The Myanmar Times
Saturday, 22 November 2014
The Myanmar Times
The Myanmar Times

Understanding the old kingdom in the new Myanmar

Speaking at the Yangon Literary Festival in early February, author and historian Thant Myint U bemoaned how little the national dialogue in Myanmar brought up the past.

Thant Myint U (L) poses with Daw Hteik Su Paya Gyi (C) at the Yangon Literary Festival.Thant Myint U (L) poses with Daw Hteik Su Paya Gyi (C) at the Yangon Literary Festival.

Though his statement is applicable to many tumultuous periods that rarely get mentioned in popular discourse, he was talking specifically about Myanmar’s transition from monarchy to colony, and how it set the country on its current path.

“It’s important to understand what happened, as well as why it happened,” he told the festival audience.

This disconnect is compounded by the fact that for many decades, discussions about the royal family were expressly forbidden by the government.

Before and after the coup in 1962, there was a general feeling among the country’s rulers that the royal family could be used to rally more traditional Burmans to a nationalistic uprising. If the royal family was mentioned at all in state news or educational materials, it was only to paint them as puppets of the British.

Daw Hteik Su Paya Gyi, the eldest of King Thibaw’s surviving grandchildren, recalls a childhood of being forced to move by the military government, and rarely being allowed contact with her extended family.

Though many of her neighbours knew about her royal lineage, Daw Hteik Su Paya Gyi and her family lived modestly, enjoying none of the perks normally afforded to nobility.

Speaking to The Myanmar Times at the literary festival, she said, “We had to paddle our own canoe,” with a hearty laugh.

However, that seems likely to change with Sudha Shah’s new book The King in Exile: The Fall of the Royal Family in Burma.

Although in wide release since last summer, it was not officially available in Myanmar until the festival. The non-fiction work offers what might be the most complete history of King Thibaw’s family before, during and after the Konbaung dynasty was deposed by the British.

Ms Shah said at the festival that her goal was to tell a “human interest” story about one family.

Her research has stretched all the way back to 2004, when she was inspired to learn more about the royal family after reading Amitav Ghosh’s novel The Glass Palace.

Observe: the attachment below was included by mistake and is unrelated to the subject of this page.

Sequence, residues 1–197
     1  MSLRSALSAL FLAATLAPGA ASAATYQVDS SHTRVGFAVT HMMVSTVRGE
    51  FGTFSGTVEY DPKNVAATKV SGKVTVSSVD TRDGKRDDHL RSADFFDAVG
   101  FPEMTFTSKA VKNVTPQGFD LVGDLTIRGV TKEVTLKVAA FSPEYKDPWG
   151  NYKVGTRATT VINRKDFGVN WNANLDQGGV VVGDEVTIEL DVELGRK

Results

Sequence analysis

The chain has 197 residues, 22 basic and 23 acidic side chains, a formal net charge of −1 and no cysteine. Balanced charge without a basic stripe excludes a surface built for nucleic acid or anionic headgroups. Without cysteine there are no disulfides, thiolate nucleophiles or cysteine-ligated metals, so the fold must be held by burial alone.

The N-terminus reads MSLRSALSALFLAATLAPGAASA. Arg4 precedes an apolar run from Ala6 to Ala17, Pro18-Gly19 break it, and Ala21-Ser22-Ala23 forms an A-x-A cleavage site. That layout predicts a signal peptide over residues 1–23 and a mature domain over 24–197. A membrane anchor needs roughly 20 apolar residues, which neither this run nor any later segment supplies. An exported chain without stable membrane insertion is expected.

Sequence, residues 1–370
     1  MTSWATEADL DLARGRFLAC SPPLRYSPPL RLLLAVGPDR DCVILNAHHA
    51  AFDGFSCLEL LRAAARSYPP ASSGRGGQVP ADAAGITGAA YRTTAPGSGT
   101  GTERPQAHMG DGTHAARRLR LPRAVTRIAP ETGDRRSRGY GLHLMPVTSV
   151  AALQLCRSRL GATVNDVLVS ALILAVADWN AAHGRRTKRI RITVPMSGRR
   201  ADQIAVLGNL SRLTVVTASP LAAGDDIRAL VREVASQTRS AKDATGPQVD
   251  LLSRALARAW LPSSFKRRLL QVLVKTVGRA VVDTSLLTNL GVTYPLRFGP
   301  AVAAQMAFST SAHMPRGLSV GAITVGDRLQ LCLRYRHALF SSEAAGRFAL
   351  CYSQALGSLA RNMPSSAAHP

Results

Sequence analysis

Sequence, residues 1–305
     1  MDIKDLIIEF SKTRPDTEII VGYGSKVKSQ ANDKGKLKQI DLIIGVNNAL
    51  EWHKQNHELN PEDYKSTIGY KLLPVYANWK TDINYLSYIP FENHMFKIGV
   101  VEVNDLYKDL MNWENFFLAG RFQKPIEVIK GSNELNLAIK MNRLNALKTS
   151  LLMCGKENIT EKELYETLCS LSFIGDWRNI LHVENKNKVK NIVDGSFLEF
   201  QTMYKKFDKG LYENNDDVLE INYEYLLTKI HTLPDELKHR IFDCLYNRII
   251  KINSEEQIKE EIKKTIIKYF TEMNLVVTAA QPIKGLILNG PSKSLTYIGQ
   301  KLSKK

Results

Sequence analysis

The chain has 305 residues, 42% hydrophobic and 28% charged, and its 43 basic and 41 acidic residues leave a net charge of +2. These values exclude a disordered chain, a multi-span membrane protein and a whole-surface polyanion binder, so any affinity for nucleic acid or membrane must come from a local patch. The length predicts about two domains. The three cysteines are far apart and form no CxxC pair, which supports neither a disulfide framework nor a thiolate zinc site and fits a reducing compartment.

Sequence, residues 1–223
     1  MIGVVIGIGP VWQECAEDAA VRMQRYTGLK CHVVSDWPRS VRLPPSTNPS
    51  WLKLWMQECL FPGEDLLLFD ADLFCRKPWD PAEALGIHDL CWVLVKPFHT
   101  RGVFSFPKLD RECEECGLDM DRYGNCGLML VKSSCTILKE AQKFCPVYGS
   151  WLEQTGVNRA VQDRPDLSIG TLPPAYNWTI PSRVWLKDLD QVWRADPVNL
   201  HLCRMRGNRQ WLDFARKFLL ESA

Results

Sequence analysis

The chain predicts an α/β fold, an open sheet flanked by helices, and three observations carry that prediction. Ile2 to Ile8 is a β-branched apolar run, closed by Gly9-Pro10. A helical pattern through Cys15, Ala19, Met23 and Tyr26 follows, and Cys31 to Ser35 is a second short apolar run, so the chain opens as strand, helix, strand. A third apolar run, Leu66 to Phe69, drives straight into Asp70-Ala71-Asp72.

“When I saw no history had been written about the royal family, I knew there was an opportunity,” she told The Myanmar Times in a telephone interview from her home in Mumbai,

Arriving in Yangon at the height of state censorship, Ms Shah reported that she never had any experience with the government censoring or impeding her research, but said their presence was still keenly felt.

“I’m pretty sure the government read my letters,” she said, “but by 2008 it seemed to stop. I think they had other problems to deal with and I just wasn’t much of a bother. I honestly had no trouble.”

But she was shocked to learn just how open and willing the people of Myanmar were to discuss their king, as if they were hungry for the opportunity.

For help with translations she relied on U Than Htay, a retired doctor and history buff living in Yangon. Not only was Dr Than Htay living in a home with no electricity, but also he was confined to his bed for much of the research process, making even sitting at a manual typewriter impossible.

Undeterred, he translated countless news articles and personal letters for Ms Shah by hand.

Ms Shah also could not say enough about her time working in the Yangon archives.

“It was the most friendly archive I’ve ever worked with,” she said. “I had an assistant who helped me any time I got stuck. I spent four days there in comparison to six months in Mumbai.”

King Thibaw and Queen Supayalat remain controversial and often despised figures in Myanmar’s history. While Ms Shaw is by no means seeking to rehabilitate their images, she at least wanted the book to provide a more nuanced portrait of the couple.

“[Thibaw] was not a particularly competent king. He was a clever man, but not particularly interested in politics,” she said, adding that the royal ministers deserved much of the blame for his many missteps.

“He was totally ignorant. He believed he was the king of the universe, he believed what his ministers told him.”

As for Queen Supaylalat, who is today most remembered for her conniving and allegedly murderous ways, Ms Shah makes no excuses, but is also quick to place her actions in context.

“She was a very selfish woman, her grandchildren say she had a cruel streak. I think with the right education and advising she could have been a good queen, but she was ill-advised [by the royal court]. I have a lot of empathy for her, for her circumstances.”

When asked about the audience for her book, Ms Shah said she hopes it can resonate with readers in Myanmar and the rest of the world.

For the people of Myanmar, it’s a chance to connect with their own history, she said. “I had the luxury of being able to spend so much time [researching]. For the average Burmese person, it is information that has not been available to them.”

For the foreigners, “It’s interesting just learning how this period worked ... and it’s an interesting story of a family.”